Whenever anyone thinks about financial planning through divorce, one of their first thoughts will be that it will be expensive.

But does that have to be true?

It’s inevitable that there will be costs associated with divorce, and that assets will usually be divided between the parties.

However, there are many steps that can be taken through financial planning to minimise the costs..

Practical steps to take when your marriage breaks down

There are a number of practical steps that you can take that will help you get through the divorce.

Firstly, you should close all joint accounts, and separate your finances from those of your spouse, as far as possible. Obviously, if a joint account remains open then your spouse can drain it, including any money that you deposited into it.

Secondly, gather together details and paperwork in relation to all of your assets (including pensions) and liabilities. This will help you fully understand your financial position, and you will have to disclose these details.

Thirdly, make a budget. This will help get you through the divorce, and beyond. The budget will tell you your financial needs, which will be a vital piece of information when the financial settlement is decided.

Lastly, refrain from making any major financial commitments, until the divorce settlement is finalised. You may find that you will not be able to afford those commitments.

Preventing sale or re-mortgaging of matrimonial home

In most divorces the matrimonial home is the most valuable asset, and its value will usually be divided between the parties. Obviously, you will want to protect the asset, pending finalisation of the divorce settlement.

This is not a problem if the home is owned by you and your spouse jointly, as your spouse cannot deal with the property without your agreement.

But what if your spouse is the sole owner of the property?

You have a right to occupy the matrimonial home, even if your spouse is the sole owner. You can protect that right by registering a notice of home rights at the Land Registry. This will also effectively prevent your spouse from selling or re-mortgaging the property, as the buyer or lender would not proceed with the transaction until the notice is removed.

Saving on fees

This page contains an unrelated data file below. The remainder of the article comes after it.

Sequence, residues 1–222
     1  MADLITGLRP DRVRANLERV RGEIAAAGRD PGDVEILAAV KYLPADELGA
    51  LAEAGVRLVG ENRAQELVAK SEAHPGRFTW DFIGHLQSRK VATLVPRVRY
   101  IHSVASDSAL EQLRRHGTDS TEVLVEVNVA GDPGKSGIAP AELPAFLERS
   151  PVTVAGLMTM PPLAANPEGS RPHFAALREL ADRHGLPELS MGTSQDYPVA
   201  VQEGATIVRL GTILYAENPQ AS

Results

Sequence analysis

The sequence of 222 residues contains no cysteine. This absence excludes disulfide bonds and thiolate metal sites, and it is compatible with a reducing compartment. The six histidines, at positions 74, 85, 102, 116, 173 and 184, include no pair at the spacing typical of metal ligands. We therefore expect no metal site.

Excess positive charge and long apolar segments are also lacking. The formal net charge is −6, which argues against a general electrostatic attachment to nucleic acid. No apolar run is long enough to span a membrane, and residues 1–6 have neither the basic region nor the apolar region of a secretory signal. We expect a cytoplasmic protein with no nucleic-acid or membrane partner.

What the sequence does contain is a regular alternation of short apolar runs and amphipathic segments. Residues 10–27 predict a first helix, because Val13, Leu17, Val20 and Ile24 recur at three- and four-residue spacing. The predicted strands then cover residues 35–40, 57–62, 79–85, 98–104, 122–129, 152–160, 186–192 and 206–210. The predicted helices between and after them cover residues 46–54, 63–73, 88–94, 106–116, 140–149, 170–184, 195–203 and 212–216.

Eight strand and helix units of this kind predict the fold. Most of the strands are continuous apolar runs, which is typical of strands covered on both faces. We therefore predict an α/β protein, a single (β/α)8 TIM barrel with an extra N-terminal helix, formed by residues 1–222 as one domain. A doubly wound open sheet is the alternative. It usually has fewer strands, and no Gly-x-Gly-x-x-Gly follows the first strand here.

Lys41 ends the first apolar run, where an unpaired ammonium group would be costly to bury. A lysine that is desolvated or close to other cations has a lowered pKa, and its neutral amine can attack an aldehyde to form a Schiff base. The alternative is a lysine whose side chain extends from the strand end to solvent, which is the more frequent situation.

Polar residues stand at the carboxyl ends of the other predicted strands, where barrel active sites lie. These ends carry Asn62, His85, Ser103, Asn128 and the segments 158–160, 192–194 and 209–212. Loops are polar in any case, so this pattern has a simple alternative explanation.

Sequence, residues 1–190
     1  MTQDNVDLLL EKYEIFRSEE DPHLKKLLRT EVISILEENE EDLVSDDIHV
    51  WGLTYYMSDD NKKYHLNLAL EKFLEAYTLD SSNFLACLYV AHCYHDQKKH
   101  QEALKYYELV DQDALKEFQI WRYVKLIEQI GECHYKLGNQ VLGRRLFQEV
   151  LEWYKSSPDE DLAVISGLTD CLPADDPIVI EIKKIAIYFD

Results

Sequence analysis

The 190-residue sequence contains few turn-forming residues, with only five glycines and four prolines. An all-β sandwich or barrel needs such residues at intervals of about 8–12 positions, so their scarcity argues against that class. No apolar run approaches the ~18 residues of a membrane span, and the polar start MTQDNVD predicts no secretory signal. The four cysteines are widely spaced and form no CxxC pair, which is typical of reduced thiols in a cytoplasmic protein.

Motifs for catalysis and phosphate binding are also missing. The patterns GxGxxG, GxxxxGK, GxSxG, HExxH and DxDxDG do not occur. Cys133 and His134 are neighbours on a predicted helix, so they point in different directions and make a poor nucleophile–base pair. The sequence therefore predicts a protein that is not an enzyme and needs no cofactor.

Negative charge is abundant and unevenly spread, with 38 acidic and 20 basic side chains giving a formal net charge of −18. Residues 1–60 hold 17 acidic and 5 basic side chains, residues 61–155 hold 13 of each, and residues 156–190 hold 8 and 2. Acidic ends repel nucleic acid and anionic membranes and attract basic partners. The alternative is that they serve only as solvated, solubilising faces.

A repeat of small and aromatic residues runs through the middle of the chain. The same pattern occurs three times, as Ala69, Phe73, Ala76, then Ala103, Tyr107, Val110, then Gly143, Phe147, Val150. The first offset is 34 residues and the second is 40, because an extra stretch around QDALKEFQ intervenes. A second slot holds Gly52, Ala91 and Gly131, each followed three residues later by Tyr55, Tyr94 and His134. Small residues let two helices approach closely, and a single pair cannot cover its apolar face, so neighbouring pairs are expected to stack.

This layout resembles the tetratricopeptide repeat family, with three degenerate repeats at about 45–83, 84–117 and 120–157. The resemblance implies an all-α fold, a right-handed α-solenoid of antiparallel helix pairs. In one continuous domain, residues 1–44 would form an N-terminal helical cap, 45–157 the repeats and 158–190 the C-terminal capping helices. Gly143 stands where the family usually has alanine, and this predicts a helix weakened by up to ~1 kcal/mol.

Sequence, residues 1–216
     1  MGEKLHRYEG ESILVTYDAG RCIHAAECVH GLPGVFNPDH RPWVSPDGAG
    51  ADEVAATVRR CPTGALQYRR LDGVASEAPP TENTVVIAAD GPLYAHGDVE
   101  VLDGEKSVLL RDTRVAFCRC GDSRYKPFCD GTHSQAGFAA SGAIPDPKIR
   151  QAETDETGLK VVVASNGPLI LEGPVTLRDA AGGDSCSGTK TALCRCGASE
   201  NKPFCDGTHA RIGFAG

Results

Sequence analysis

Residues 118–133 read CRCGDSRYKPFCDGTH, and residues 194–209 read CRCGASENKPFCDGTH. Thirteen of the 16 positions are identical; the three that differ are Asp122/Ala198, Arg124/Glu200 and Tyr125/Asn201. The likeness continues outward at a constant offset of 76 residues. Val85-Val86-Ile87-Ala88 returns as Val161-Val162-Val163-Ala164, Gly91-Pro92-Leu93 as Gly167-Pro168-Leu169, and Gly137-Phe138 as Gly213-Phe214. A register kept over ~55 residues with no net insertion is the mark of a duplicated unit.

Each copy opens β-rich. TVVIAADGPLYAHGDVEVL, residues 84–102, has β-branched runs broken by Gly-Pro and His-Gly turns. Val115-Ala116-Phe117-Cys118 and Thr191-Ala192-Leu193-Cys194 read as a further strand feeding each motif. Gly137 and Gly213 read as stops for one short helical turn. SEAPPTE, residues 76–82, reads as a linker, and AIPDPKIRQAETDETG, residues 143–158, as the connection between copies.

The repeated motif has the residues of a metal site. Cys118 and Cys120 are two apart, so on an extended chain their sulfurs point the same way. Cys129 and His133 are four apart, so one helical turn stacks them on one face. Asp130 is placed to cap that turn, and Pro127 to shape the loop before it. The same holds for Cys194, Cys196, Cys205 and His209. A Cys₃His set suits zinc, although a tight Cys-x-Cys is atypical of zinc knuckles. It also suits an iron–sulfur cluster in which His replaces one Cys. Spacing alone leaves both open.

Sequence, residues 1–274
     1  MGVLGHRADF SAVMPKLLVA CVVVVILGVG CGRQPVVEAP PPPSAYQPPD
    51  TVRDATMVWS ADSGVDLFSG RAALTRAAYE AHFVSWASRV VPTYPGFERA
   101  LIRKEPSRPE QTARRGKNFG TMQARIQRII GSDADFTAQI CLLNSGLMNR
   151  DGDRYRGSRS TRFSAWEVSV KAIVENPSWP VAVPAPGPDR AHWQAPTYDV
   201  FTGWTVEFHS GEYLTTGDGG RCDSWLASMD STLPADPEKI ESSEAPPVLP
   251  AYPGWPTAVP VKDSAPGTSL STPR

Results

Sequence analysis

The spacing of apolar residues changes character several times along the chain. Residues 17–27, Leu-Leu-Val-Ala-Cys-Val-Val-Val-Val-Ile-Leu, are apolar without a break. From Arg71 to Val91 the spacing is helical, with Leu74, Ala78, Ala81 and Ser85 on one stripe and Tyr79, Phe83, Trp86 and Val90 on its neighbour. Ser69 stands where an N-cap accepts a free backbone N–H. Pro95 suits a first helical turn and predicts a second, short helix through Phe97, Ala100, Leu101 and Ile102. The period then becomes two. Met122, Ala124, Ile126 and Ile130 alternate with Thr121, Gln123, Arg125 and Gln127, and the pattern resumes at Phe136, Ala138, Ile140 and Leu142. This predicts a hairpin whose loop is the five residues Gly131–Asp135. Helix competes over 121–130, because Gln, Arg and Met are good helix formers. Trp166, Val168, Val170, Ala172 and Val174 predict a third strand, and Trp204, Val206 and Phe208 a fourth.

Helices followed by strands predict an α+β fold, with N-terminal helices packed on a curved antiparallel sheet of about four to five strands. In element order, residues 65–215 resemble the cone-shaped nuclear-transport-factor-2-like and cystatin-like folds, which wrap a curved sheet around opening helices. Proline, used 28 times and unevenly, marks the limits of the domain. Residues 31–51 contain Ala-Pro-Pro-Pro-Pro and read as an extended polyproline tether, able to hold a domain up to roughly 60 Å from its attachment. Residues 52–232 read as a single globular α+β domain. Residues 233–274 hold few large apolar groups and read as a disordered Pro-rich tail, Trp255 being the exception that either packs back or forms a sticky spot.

Various fees are likely to be incurred in the course of the divorce, from court fees to expert’s fees.

The amount of these fees can be quite substantial. There is currently a £593 court fee to issue the divorce application.

A simple way to save on these fees through financial planning is to share them with your spouse.

The divorce application can now be made jointly by both spouses, and they can agree to share the court fee.

Similarly expert fees can be shared, by the parties agreeing to instruct a joint expert, and to be bound by the expert’s valuation.

Take advice!

It is essential that you take expert legal advice. Obviously, the advice will cost money, but it may save you far more in the long run.

For example, good advice will help you to avoid unrealistic expectations, or arguing matters that will not be relevant to the outcome, such as the reasons for the marriage breakdown. If you have a good idea of what you may be entitled to, and avoid arguing over irrelevant matters, then you are likely to make smart financial planning decisions and to make a substantial saving on costs.

You may also need to take financial advice, for example in relation to pensions. Your lawyer will be able to put you in touch with a financial adviser.

Agree matters!

Matters can be agreed with your spouse directly, through solicitors, or with the help of out of court solutions, such as family mediation and collaborative family law.

Note that before you can agree matters both parties will have to make full disclosure of their means, so that everyone knows what is at issue. It is therefore best to make this disclosure as quickly as possible.

If you can’t agree matters, consider arbitration, whereby the parties agree to have their case decided by a trained arbitrator, and to be bound by the arbitrator’s decision. This can be far cheaper than contested court proceedings.

How much does a divorce cost?

There is of course no answer to this. The amount that the divorce costs will ultimately depend upon the issues involved, and upon the parties. As indicated above, if they are able to agree matters then the costs will be relatively little. On the other hand, if they argue about all matters then the costs will quickly skyrocket.

How can we help?

For further information on how we can help, please see our Divorce Finances page.

Walker Family Law is an award-winning family law practice, recognised as one of the leading family law firms in the South West of England with services covering family law mediationdivorce lawchild-law and arbitration.

Please contact us if you require any further information.

The popular media is full of stories about high profile divorce cases, often involving celebrities, and almost all involving huge sums of money.

And even the law reports of financial remedy cases largely comprise big money cases, as only couples with substantial assets can afford to get involved in expensive contested court proceedings.

Anyone reading these stories and reports can be forgiven for getting the false impression that such cases are the norm in our family courts.

But new research has shown that that is far from true.Research shows most couples have only modest assets to share on divorce